Organic semiconductors enable the fabrication of large-scale printed and mechanically flexible electronic applications, and have already successfully established themselves. Since 2016, Facebook has been paying users aged 13 to 35 up to $20 per month, plus referral fees, to sell their privacy by installing the iOS or Android "Facebook Research" app. Facebook even asked users to screenshot their Amazon order history page.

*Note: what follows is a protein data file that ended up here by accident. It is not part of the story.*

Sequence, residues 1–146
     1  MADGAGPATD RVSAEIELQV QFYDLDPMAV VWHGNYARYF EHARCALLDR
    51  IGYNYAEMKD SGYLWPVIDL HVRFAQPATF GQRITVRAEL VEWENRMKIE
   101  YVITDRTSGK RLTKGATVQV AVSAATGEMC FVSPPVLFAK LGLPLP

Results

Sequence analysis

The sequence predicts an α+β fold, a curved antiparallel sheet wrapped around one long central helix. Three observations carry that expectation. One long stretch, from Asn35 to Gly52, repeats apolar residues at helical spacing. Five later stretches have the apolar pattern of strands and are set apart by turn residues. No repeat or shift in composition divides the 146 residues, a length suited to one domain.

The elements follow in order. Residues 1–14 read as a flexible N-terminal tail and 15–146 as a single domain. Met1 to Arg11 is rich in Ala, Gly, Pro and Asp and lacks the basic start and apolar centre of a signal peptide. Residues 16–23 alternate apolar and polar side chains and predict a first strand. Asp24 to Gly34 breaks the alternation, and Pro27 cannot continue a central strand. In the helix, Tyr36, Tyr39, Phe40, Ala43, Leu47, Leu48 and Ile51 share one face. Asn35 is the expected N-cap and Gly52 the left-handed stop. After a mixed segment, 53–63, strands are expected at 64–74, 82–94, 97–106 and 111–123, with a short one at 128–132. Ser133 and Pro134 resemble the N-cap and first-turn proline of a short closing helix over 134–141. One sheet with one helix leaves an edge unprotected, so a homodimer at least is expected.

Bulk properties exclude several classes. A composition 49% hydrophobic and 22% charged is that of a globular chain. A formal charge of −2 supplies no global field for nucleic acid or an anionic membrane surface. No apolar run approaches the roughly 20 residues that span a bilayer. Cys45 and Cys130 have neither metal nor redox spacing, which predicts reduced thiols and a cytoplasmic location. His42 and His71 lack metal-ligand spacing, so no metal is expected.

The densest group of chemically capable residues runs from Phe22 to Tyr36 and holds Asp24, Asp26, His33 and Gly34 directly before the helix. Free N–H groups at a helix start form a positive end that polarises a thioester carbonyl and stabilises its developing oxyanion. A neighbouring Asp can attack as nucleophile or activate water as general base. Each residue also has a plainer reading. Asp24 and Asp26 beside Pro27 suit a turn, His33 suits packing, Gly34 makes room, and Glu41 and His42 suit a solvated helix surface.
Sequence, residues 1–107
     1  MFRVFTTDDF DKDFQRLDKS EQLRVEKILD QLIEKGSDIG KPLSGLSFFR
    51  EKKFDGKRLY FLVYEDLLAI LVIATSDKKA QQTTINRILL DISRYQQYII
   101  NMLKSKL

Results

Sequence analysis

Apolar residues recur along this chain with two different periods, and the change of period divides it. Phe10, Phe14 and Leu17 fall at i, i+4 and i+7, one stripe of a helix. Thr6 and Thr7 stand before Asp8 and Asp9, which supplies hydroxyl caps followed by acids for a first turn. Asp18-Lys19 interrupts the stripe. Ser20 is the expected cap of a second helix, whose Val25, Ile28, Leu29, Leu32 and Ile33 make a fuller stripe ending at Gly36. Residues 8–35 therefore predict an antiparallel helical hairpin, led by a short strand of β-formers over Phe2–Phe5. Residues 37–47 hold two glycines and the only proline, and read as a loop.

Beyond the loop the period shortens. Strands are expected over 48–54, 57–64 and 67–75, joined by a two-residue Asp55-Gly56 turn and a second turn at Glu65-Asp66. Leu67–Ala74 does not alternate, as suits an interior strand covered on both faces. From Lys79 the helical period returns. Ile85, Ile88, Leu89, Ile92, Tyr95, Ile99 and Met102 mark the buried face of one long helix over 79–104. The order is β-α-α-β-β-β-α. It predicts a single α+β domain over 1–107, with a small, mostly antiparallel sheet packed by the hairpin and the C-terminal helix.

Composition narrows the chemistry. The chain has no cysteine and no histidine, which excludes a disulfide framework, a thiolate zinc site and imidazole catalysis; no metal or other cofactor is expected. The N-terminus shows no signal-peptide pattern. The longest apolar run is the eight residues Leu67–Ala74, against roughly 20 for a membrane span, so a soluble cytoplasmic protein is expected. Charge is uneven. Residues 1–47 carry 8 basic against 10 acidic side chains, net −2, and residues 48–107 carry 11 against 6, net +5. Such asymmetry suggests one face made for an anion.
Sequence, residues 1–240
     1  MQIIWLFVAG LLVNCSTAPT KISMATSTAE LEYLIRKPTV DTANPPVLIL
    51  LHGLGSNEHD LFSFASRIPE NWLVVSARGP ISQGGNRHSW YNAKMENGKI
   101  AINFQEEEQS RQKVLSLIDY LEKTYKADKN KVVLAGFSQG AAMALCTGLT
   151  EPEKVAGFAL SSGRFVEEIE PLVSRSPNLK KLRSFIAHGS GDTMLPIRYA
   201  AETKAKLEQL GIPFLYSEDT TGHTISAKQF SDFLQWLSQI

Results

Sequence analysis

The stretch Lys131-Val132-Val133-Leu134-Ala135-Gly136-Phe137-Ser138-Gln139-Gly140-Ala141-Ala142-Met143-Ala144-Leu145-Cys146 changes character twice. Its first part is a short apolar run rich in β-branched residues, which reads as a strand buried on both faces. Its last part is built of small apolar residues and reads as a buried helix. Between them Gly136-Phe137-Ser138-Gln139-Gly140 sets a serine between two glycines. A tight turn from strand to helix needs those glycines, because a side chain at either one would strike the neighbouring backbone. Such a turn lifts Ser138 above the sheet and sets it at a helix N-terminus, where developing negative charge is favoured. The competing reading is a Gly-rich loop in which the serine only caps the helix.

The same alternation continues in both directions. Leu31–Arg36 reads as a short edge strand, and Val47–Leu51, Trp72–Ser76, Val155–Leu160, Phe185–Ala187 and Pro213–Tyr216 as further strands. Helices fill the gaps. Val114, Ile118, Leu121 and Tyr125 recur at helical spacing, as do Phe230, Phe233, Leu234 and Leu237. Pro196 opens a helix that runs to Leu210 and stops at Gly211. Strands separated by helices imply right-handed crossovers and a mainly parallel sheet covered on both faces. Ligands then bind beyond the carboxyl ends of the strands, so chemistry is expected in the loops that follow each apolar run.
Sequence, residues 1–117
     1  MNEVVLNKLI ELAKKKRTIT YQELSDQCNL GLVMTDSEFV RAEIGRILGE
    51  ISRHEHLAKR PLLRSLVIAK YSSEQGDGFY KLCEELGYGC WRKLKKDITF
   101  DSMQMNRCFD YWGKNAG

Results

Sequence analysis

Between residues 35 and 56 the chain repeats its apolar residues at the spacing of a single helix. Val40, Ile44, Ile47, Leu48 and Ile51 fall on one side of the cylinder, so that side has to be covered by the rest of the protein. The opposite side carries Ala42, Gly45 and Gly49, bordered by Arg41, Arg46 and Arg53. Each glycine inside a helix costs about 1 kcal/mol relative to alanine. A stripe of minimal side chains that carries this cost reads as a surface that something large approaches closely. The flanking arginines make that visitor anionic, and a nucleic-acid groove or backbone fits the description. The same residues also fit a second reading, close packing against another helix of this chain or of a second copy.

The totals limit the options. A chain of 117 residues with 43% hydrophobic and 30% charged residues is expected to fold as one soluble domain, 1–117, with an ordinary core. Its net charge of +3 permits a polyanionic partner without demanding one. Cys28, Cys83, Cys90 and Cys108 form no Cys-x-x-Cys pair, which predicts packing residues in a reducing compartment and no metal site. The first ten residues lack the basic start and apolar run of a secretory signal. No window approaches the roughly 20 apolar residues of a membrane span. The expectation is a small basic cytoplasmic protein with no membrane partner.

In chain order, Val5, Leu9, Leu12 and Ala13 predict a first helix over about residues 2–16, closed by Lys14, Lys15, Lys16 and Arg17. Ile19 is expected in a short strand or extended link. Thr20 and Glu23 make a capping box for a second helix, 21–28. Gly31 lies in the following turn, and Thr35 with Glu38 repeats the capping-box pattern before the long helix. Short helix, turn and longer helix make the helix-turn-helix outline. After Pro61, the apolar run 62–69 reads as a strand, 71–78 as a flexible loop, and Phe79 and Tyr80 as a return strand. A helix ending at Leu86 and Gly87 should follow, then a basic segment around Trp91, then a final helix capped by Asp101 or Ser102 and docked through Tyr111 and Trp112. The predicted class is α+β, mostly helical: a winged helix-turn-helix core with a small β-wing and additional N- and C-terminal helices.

The programme is administered through beta testing services Applause, BetaBound and uTest to cloak Facebook's involvement, and is referred to in some documentation as "Project Atlas" -- a fitting name for Facebook's effort to map new trends and rivals around the globe.on the market for displays in the form of organic light-emitting diodes (OLEDs). In order to break into further market segments, however, improvements in performance are still needed. Doping is the answer. In semiconductor technology, doping refers to the targeted introduction of impurities (also called dopants) into the semiconductor material of an integrated circuit. These dopants function as intentional "disturbances" in the semiconductor that can be used to specifically control the behaviour of the charge carriers and thus the electrical conductivity of the original material. Even the smallest amounts of these can have a very strong influence on electrical conductivity. Molecular doping is an integral part of the majority of commercial test organic electronics applications. Until now, however, an insufficient fundamental physical understanding of the transport mechanisms of charges in doped organic semiconductors has prevented a further increase in conductivity to match the best inorganic semiconductors such as silicon.